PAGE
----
Heart Disease Forum
This expert forum is not accepting new questions. Please post your question in one of our medical support communities.
Avatar universal

Topamax and Blood Pressure

I was prescribed Topamax for migraines, which was a best guess diagnosis, since everything else was ruled out. I had lost vision half way across my right eye twice within two weeks, and had been feeling like I was going to pass out at least once a day for almost a month. They put me on Topamax. At the time I was also on Bystolic for high blood pressure. A couple of weeks after being put on Topamax my cardiologist told me I could quit taking my blood pressure meds because it seemed the Topamax was helping with that as well. Is this a normal response?

It seems the first two weeks since then my blood pressure has been normal, but the last two weeks it has been running high again, but only the bottom number sometimes, and other times it is both numbers...107/91, 140/102, etc. I used to be able to tell when my bp was up, but now on the Topamax I no longer feel dizzy or lightheaded. Should I be contacting my doctor about going back on my meds?
1 Responses
242508 tn?1287427246
It is a common side effect of this med, but you should have your blood pressure rechecked in about 6 weeks to make sure that it's still well controlled.  It is possible that your blood pressure may go up again as your body gets used to this medication.  At that point you should recontact your physician regarding restarting the htn meds.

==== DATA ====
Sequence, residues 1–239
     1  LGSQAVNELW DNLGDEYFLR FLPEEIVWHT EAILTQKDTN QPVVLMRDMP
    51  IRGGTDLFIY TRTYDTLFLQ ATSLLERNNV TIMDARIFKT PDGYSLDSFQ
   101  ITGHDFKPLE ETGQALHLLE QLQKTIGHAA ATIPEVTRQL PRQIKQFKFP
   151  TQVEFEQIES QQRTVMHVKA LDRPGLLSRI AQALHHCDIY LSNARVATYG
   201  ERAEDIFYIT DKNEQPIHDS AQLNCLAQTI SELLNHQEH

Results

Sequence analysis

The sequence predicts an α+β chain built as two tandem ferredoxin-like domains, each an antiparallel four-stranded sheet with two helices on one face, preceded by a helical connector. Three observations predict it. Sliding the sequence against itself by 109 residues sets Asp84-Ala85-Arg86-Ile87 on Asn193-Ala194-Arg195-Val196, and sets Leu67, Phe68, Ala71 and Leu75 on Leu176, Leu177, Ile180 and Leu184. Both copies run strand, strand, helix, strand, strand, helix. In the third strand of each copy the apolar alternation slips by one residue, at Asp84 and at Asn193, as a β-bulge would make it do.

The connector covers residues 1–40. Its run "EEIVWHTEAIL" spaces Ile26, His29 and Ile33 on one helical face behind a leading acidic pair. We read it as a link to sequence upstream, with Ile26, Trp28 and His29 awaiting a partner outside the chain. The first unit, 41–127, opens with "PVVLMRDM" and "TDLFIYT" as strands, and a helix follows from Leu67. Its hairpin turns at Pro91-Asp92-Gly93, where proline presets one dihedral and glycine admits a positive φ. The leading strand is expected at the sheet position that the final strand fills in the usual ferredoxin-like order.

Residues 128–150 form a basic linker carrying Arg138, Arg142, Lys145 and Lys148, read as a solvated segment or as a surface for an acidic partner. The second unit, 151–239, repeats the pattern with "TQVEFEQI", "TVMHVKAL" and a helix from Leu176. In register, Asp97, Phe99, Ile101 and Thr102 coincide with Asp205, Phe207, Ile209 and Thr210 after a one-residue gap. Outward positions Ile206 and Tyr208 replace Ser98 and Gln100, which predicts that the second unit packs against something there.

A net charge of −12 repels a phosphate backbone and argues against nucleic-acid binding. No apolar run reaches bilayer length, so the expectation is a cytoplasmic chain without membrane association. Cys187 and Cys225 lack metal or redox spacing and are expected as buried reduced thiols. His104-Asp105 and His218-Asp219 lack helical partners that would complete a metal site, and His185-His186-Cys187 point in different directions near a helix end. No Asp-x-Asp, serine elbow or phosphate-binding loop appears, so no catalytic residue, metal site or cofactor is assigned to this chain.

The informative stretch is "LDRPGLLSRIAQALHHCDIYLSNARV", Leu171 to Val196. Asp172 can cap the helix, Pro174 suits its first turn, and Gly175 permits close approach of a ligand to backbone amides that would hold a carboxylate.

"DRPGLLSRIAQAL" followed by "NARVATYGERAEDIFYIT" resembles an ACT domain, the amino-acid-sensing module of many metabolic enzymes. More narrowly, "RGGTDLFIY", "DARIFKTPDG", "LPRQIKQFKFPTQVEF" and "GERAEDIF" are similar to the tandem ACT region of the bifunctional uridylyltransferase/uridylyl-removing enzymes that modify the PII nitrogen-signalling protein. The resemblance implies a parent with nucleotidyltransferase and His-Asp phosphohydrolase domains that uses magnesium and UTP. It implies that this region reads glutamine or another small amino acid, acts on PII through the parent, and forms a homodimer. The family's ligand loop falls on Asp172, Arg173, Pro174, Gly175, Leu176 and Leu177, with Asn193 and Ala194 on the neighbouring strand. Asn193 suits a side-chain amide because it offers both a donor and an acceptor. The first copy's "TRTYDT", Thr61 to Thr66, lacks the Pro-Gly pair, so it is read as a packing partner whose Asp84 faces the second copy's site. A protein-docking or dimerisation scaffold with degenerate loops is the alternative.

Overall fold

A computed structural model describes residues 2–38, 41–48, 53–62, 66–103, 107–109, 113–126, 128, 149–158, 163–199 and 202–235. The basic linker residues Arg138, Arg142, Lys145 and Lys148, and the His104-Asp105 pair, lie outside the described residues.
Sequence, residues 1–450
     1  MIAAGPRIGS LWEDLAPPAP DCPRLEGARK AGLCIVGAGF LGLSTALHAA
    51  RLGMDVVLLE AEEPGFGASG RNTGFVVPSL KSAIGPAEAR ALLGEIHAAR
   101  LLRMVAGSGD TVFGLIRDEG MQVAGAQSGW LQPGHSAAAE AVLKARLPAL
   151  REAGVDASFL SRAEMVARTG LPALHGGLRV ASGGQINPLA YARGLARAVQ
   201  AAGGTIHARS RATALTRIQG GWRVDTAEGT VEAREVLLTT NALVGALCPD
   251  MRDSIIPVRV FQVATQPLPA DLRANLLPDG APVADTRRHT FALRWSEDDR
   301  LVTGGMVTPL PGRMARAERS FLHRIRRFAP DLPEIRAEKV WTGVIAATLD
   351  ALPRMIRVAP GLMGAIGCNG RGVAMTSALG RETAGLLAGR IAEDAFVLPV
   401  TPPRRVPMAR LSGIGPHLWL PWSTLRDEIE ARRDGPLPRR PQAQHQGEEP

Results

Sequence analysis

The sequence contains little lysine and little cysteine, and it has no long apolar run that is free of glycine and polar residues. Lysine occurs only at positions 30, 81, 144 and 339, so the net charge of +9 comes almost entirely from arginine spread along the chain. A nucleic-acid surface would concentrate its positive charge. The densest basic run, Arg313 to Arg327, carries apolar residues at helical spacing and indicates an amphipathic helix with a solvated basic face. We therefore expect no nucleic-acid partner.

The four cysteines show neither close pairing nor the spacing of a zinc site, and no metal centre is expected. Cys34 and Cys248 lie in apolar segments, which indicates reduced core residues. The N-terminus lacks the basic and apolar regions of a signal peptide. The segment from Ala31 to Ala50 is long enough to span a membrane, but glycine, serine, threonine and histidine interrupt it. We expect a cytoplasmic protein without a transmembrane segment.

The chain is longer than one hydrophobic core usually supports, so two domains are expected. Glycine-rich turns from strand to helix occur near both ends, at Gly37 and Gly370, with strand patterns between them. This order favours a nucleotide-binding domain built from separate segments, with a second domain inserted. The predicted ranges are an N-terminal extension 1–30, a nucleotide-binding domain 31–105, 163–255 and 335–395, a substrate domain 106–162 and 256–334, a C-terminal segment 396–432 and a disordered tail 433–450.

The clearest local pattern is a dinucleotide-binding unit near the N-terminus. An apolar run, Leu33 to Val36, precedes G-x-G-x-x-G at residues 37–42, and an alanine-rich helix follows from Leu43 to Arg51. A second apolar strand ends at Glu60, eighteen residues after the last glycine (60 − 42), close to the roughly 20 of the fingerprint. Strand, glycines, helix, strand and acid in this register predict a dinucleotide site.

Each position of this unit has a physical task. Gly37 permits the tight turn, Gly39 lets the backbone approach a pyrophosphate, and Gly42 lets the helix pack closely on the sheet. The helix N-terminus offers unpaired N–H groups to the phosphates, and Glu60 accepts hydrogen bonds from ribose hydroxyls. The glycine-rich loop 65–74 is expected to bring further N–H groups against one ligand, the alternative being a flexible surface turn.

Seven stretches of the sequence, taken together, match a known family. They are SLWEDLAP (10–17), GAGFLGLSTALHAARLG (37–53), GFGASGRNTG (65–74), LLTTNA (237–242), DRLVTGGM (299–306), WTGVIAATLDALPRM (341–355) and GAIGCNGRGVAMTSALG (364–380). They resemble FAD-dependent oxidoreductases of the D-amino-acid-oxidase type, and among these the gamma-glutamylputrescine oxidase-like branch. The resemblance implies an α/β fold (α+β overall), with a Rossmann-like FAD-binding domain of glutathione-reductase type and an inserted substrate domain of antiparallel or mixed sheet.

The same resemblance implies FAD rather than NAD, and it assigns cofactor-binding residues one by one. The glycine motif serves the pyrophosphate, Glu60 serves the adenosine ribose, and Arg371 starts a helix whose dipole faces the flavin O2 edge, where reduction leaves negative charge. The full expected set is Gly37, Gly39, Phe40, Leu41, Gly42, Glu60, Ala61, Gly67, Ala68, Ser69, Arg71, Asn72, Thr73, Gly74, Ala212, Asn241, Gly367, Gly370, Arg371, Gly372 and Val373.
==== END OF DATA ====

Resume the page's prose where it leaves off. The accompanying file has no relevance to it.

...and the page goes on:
Didn't find the answer you were looking for?
Ask a question
Popular Resources
Is a low-fat diet really that heart healthy after all? James D. Nicolantonio, PharmD, urges us to reconsider decades-long dietary guidelines.
Can depression and anxiety cause heart disease? Get the facts in this Missouri Medicine report.
Fish oil, folic acid, vitamin C. Find out if these supplements are heart-healthy or overhyped.
Learn what happens before, during and after a heart attack occurs.
What are the pros and cons of taking fish oil for heart health? Find out in this article from Missouri Medicine.
How to lower your heart attack risk.